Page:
A new “Trojan horse” program called Phatbot is spreading across Windows computers connected to the Internet, employing a range of nefarious tactics including some borrowed from the world of peer-to-peer file sharing systems such as Kazaa and the original Napster. According to the Washington Post, which broke the story on March 17, Phatbot can create invisible networks of up to 50 infected machines. This gives the hackers who wrote the program a highly efficient way to issue orders to the machines, in essence recruiting them into an underground hacker army. For example, the networks could be used to launch massive spam or denial-of-service attacks.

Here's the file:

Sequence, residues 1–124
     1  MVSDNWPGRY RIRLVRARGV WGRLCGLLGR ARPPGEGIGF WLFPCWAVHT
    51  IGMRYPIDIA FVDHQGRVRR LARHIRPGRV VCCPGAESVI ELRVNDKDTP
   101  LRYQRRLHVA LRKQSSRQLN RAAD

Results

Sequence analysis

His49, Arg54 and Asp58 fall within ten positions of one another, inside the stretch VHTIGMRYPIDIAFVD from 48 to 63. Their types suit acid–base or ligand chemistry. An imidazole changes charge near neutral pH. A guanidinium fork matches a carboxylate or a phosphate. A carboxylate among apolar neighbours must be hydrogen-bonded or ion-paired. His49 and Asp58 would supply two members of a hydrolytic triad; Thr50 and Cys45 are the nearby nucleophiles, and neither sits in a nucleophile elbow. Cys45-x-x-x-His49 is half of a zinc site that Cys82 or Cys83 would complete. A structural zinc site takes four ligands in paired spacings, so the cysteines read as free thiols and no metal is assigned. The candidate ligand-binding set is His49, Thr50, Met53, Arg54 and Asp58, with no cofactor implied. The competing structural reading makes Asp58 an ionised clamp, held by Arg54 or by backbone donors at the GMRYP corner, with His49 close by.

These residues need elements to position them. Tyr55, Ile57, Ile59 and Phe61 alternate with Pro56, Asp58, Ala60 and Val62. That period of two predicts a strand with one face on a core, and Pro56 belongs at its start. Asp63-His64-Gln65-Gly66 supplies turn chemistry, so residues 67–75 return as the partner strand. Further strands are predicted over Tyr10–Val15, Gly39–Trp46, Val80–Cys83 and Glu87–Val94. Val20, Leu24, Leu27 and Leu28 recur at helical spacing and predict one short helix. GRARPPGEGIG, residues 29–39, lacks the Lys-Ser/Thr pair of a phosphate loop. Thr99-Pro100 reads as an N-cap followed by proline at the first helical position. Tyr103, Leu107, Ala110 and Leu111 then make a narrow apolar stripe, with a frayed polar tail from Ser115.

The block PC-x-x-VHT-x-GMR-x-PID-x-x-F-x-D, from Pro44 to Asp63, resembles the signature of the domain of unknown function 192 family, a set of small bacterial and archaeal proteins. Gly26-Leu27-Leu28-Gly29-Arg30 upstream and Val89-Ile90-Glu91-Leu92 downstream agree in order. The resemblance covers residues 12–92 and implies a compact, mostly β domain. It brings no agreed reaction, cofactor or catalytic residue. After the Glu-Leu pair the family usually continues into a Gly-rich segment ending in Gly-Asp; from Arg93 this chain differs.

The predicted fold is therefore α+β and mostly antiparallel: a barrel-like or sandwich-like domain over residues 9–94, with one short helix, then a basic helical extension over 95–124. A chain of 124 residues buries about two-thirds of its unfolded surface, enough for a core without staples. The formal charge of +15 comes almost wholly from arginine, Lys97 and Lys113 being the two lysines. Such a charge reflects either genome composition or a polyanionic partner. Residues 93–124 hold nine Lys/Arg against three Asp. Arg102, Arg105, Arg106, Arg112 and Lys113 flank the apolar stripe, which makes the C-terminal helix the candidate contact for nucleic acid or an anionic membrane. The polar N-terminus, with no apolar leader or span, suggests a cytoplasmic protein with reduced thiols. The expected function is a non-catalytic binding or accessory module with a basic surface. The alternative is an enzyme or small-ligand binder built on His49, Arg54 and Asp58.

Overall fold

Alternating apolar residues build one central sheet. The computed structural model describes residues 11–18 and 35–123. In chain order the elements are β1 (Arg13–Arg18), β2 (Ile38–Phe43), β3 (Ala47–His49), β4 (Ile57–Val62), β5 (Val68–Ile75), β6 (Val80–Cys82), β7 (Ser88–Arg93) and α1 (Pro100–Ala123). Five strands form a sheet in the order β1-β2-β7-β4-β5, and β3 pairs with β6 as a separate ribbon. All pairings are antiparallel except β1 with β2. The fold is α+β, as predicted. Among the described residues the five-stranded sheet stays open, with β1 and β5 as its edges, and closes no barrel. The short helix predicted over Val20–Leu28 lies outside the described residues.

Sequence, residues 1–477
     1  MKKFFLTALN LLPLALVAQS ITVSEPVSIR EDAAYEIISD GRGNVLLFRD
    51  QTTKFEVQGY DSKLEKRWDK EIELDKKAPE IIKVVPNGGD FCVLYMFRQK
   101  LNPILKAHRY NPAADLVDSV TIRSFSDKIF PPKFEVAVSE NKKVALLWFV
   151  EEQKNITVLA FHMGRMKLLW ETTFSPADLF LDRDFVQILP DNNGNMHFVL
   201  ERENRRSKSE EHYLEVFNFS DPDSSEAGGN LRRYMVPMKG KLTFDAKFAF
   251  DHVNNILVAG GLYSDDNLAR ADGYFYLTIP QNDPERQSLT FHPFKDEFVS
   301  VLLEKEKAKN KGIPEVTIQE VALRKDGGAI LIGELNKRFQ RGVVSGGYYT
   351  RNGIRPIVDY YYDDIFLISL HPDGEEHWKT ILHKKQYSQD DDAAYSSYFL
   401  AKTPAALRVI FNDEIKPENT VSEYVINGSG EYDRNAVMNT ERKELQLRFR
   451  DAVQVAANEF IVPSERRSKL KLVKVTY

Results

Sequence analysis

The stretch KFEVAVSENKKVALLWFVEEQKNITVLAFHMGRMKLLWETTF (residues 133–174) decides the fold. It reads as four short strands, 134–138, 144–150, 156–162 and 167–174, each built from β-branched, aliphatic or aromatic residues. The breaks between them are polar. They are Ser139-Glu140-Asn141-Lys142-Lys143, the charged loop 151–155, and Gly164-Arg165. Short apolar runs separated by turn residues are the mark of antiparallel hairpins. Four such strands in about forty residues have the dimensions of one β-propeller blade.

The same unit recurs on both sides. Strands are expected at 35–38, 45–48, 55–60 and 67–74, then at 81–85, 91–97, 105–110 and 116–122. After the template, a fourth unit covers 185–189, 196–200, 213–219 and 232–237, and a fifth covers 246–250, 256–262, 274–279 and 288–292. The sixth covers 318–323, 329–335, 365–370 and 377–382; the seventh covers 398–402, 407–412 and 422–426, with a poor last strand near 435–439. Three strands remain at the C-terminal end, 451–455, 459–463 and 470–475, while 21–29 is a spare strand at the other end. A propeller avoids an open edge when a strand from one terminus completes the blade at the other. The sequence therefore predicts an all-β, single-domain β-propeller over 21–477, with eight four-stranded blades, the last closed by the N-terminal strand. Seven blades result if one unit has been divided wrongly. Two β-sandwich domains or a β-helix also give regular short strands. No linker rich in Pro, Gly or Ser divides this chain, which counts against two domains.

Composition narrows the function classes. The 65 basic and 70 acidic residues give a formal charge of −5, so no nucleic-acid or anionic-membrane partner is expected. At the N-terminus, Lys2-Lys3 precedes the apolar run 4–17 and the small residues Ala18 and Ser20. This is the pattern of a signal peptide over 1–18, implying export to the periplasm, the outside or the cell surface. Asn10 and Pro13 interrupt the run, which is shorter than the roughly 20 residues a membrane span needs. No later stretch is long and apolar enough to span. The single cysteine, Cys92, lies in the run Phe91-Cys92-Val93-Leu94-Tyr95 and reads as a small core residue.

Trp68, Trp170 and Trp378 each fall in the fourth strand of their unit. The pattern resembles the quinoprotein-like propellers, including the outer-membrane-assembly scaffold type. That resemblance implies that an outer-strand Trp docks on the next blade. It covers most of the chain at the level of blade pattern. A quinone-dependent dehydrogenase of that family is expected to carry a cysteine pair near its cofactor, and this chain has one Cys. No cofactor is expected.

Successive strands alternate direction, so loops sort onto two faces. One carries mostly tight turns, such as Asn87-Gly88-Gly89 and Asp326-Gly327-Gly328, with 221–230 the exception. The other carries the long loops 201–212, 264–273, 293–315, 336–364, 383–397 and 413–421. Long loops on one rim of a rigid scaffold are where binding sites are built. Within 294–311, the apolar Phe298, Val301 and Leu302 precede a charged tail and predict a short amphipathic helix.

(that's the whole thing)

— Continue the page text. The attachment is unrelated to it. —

The resilient nature of peer-to-peer networks – if one node is removed, communications will simply flow around it – means that security officials will have a very hard time slowing Phatbot’s spread, short of tracking down every single infected machine. Just as alarming, the malicious program can evade and shut down many popular anti-virus programs. But the Post links to several sites where anti-Phatbot programs can be downloaded.